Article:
Eleven studies evaluated the impact of sharing EHRs with patients on patient-centredness, including CRTs24 30 31 and eight RCTs.19–22 25–28 While six studies found a beneficial impact in at least one patient-centredness outcome,20 24–26 30 31 it is important to note that the exact measure of patient-centredness varied considerably across studies. Although patient satisfaction improved in two studies20 25 (46% vs 40%, p=0.04% and 27.7% vs 24.5%, p<0.0001, respectively), two other failed to show a significant effect.22 27 One study31 showed an increase in patient activation, as measured by the Patient Activation Measure34 (47 vs 45, p=0.0014), but these results were not replicated in a similar study.24 Self-efficacy scores improved in one study26 using the Diabetes Empowerment Scale35 (+0.14 vs −0.16, p=0.04), but no differences were found in two other studies22 27 using the Kansas City Cardiomyopathy Questionnaire (KCCQ) and the General Self-Efficacy Scale.36 Patient empowerment was accessed by the Patient Empowerment Scale37 in two studies21 24 but a significant improvement in mean scores was found only in one (41.2 vs 40.1, p=0.019).24 Three studies evaluated health literacy (ie, patients acknowledging to have learnt something new),19 25 28 but only one found the intervention to be beneficial (96% vs 74%, p=0.02). Six out of 11 studies (54.5%) scored an overall low risk of bias. The proportion of studies showing a significant positive effect for at least one of the outcomes evaluated was 50% in low risk of bias studies, and 80% in the remaining studies.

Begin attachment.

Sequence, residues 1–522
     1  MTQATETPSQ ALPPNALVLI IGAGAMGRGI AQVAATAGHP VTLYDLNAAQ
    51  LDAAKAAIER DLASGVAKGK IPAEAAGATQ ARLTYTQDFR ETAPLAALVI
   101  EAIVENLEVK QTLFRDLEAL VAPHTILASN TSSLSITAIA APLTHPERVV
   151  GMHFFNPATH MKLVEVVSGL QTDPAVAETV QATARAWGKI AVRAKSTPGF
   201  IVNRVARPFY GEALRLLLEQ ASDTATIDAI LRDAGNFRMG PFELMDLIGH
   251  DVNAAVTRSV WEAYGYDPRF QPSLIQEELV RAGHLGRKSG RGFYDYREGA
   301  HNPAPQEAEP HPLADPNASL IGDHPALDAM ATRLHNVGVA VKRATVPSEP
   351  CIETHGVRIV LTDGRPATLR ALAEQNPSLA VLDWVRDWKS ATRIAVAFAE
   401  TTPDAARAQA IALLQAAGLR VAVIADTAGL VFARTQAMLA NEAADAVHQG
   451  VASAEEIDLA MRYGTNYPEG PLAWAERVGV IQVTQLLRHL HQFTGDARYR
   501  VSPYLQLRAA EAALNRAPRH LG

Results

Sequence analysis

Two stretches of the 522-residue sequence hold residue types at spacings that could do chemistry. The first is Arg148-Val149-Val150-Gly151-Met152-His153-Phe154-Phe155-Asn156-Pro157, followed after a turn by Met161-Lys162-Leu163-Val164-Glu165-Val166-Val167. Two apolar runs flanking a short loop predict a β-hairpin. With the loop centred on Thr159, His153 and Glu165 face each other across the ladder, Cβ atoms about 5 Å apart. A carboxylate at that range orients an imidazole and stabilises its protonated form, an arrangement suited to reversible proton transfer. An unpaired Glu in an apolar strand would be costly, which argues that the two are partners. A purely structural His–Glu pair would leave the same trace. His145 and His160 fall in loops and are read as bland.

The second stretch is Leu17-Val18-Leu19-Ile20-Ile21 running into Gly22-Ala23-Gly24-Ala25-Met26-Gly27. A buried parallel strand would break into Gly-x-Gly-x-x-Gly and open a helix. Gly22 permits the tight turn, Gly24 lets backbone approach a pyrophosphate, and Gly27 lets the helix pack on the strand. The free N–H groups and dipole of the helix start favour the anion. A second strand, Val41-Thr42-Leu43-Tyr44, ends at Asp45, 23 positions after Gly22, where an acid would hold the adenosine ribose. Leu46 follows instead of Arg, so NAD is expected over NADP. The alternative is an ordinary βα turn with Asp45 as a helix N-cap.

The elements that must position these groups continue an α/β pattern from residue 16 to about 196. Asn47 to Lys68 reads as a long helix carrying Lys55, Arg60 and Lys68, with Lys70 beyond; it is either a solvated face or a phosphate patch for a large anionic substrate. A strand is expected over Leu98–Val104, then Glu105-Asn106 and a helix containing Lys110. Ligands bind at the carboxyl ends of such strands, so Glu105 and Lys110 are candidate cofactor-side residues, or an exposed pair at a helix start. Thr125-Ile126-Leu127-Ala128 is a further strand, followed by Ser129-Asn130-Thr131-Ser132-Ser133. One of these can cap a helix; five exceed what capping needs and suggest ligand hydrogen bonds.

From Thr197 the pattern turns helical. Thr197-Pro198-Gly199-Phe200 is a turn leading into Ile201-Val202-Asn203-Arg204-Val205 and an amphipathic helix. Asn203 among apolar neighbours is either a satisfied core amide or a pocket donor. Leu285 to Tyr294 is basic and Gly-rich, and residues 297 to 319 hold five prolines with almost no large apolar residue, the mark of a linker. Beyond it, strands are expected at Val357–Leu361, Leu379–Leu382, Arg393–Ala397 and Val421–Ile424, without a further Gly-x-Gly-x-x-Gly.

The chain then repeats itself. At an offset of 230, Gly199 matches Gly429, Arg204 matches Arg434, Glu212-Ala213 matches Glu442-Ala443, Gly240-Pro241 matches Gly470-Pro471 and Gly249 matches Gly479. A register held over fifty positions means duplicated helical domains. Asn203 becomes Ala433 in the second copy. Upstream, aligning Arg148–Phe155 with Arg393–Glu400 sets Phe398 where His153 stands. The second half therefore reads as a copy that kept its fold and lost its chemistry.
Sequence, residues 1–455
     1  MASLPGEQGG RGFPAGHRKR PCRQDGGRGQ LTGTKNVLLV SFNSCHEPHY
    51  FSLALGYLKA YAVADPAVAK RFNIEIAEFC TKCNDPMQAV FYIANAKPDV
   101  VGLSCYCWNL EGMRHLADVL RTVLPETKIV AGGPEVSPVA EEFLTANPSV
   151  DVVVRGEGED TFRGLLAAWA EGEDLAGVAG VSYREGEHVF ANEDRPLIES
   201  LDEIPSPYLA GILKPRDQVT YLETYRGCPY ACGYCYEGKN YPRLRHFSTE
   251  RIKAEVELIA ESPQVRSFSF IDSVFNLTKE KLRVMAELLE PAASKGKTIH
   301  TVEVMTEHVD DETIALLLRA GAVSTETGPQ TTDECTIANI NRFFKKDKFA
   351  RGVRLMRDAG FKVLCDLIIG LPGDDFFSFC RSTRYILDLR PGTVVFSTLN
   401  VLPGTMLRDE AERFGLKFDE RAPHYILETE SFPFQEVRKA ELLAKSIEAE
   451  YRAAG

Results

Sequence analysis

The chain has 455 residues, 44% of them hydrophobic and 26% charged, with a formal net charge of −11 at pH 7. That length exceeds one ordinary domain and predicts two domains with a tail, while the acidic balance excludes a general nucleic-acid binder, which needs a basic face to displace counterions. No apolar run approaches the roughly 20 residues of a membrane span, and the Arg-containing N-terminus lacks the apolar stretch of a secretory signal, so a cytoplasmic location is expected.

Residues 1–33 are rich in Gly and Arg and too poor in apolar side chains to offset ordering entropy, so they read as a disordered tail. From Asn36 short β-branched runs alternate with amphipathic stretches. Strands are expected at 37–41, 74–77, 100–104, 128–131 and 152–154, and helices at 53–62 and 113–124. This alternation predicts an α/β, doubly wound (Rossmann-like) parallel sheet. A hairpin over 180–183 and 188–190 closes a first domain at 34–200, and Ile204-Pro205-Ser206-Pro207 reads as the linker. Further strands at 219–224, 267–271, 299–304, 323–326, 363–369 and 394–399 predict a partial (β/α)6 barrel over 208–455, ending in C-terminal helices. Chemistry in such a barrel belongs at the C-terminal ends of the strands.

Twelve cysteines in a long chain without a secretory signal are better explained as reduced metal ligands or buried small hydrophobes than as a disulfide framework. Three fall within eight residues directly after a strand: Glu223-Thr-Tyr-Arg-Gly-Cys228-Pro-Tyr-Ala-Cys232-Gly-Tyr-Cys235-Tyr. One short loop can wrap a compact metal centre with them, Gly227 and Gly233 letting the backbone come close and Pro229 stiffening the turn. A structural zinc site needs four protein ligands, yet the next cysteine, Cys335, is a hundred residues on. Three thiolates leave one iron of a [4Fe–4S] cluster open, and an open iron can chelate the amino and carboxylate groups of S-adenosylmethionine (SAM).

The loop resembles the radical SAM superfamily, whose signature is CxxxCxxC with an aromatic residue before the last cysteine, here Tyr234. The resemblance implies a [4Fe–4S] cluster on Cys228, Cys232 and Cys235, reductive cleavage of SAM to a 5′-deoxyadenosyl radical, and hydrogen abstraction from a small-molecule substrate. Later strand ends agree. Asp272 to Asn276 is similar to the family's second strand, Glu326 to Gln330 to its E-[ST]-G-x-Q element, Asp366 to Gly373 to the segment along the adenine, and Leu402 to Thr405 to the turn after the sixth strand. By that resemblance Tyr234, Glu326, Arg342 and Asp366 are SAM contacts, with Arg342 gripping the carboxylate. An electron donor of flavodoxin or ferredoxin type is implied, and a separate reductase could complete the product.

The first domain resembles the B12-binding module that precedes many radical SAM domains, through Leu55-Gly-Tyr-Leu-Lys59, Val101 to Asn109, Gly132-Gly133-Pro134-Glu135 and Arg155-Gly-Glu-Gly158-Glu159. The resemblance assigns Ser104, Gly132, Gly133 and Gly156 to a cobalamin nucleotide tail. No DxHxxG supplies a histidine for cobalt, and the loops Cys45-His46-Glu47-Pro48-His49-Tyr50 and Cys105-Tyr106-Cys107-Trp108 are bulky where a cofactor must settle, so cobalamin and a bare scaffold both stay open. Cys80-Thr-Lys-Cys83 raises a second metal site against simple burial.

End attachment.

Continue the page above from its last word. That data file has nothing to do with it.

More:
A total of 14 studies appraised the impact of providing patients with access to EHRs on effectiveness, including 2 CRTs24 31 and 12 RCTs.14 15 17–20 22 23 25 26 32 33 Ten out of 14 studies (71.4%) demonstrated a positive impact on effectiveness-related outcomes.15 17–20 22 23 25 31 32 These studies evaluated the impact on a wide range of health conditions, including depression and anxiety,25 heart failure,22 cardiovascular risk (Framingham Score),20 obesity,15 23 smoking status,15 adherence to preventive services31 32 dyslipidaemia,17 18 20 24 33 diabetes14 15 17–20 26 33 and hypertension.15 17 18 20 23 24 33 In one study using the Hospital Anxiety and Depression Scale,38 patient access to EHRs did not change patients’ depression scores, and patients in the general computer information group were more anxious than the ones accessing personal records (DM=+18%, 95% CI 3.7 to 26.5, p=0.001).25 One study found a dramatic improvement in symptom stability scores, assessed by the KCCQ (DM:+17, 95% CI 9 to 29, p<0.001).22 Two studies found an improvement in LDL-cholesterol levels.17 20 No significant changes were observed on triglycerides,17 high-density lipoprotein (HDL)-cholesterol,17 total cholesterol,18 body weight,15 23 smoking status15 or total cardiovascular risk.20 Adherence to preventive services improved in the two studies evaluating this aspect31 32 (ie, use of low-dose aspirin (84.4% vs 67.6%, p<0.0001), complete immunisation (95.5% vs 87.2%, p=0.044), and uptake of cancer screening (increases ranging from 10.3% to +14.3%, all p<0.05)).While two studies specifically evaluated adherence to pneumococcal immunisation,31 32 only one found a beneficial effect.31